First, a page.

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Influence of Cell-free Proteins in the Nucleation of CaCO3 Crystals in Calcified Endoskeleton

Authors: M. Azizur Rahman, Tamotsu Oomori

Abstract:

Calcite aCalcite and aragonite are the two common polymorphs of CaCO3 observed as biominerals. It is universal that the sea water contents a high Mg2+ (50mM) relative to Ca2+ (10mM). In vivo crystallization, Mg2+ inhibits calcite formation. For this reason, stony corals skeleton may be formed only aragonite crystals in the biocalcification. It is special in case of soft corals of which formed only calcite crystal; however, this interesting phenomenon, still uncharacterized in the marine environment, has been explored in this study using newly purified cell-free proteins isolated from the endoskeletal sclerites of soft coral. By recording the decline of pH in vitro, the control of CaCO3 nucleation and crystal growth by the cellfree proteins was revealed. Using Atomic Force Microscope, here we find that these endoskeletal cell-free proteins significantly design the morphological shape in the molecular-scale kinetics of crystal formation and those proteins act as surfactants to promote ion attachment at calcite steps.nd aragonite are the two common polymorphs of CaCO3 observed as biominerals. It is universal that the sea water contents a high Mg2+ (50mM) relative to Ca2+ (10mM). In vivo crystallization, Mg2+ inhibits calcite formation. For this reason, stony corals skeleton may be formed only aragonite crystals in the biocalcification. It is special in case of soft corals of which formed only calcite crystal; however, this interesting phenomenon, still uncharacterized in the marine environment, has been explored in this study using newly purified cell-free proteins isolated from the endoskeletal sclerites of soft coral. By recording the decline of pH in vitro, the control of CaCO3 nucleation and crystal growth by the cell-free proteins was revealed. Using Atomic Force Microscope, here we find that these endoskeletal cell-free proteins significantly design the morphological shape in the molecular-scale kinetics of crystal formation and those proteins act as surfactants to promote ion attachment at calcite steps. KeywordsBiomineralization, Calcite, Cell-free protein, Soft coral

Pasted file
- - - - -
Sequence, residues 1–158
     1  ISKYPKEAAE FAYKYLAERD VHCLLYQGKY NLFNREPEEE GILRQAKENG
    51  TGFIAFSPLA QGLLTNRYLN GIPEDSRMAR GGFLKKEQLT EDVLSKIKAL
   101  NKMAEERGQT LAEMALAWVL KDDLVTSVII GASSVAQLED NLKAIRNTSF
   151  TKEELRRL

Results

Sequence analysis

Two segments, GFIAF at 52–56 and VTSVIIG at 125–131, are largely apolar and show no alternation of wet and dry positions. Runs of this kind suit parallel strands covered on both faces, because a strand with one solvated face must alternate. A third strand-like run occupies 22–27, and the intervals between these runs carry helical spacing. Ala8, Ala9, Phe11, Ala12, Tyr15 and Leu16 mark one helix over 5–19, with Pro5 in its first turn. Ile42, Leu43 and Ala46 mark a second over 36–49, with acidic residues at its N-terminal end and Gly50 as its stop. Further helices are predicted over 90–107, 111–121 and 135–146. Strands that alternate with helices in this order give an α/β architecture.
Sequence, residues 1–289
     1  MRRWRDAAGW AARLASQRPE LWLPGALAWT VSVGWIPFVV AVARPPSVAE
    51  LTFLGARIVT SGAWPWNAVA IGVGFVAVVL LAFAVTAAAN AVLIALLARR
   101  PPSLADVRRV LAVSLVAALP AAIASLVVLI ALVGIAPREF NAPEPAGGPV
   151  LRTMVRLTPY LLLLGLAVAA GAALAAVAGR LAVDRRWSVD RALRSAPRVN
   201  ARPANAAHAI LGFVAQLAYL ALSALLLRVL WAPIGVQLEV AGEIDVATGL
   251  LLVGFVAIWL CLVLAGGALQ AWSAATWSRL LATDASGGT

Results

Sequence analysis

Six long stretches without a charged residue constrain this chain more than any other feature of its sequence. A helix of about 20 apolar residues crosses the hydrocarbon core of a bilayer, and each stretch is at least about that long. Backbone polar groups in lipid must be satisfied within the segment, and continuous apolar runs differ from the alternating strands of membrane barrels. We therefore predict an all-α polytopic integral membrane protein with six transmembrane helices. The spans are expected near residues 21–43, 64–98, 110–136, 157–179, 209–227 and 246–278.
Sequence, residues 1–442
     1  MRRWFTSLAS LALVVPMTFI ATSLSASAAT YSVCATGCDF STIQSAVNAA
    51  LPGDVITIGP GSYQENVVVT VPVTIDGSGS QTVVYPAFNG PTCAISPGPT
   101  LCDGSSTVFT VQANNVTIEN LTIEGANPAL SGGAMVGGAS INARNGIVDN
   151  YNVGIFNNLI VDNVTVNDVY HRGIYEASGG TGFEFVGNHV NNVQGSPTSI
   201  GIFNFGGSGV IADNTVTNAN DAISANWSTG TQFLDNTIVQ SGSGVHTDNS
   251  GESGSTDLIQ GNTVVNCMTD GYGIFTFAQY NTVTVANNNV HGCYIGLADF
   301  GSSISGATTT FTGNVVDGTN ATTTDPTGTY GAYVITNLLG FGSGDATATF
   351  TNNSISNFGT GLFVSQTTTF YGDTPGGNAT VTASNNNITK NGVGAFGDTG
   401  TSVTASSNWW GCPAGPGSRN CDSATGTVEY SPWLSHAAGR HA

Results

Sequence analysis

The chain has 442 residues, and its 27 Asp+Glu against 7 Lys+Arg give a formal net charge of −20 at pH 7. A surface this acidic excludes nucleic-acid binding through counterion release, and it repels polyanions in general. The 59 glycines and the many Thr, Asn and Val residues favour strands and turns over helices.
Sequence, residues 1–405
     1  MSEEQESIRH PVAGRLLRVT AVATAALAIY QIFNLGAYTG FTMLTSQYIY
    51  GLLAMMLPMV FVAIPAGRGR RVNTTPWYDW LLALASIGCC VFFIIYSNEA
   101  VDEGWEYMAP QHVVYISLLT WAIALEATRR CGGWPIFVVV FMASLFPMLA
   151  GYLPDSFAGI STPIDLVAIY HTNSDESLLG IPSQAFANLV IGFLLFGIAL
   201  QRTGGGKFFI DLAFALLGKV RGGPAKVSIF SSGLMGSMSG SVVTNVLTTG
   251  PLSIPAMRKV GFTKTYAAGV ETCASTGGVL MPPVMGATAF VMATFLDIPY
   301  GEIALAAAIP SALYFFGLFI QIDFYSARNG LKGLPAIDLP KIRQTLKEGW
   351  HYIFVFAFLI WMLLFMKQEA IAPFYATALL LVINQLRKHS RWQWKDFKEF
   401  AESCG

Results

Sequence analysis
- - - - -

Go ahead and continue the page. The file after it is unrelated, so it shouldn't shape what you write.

Keywords: Biomineralization, Calcite, Cell-free protein, Soft coral

Digital Object Identifier (DOI): doi.org/10.5281/zenodo.1084764

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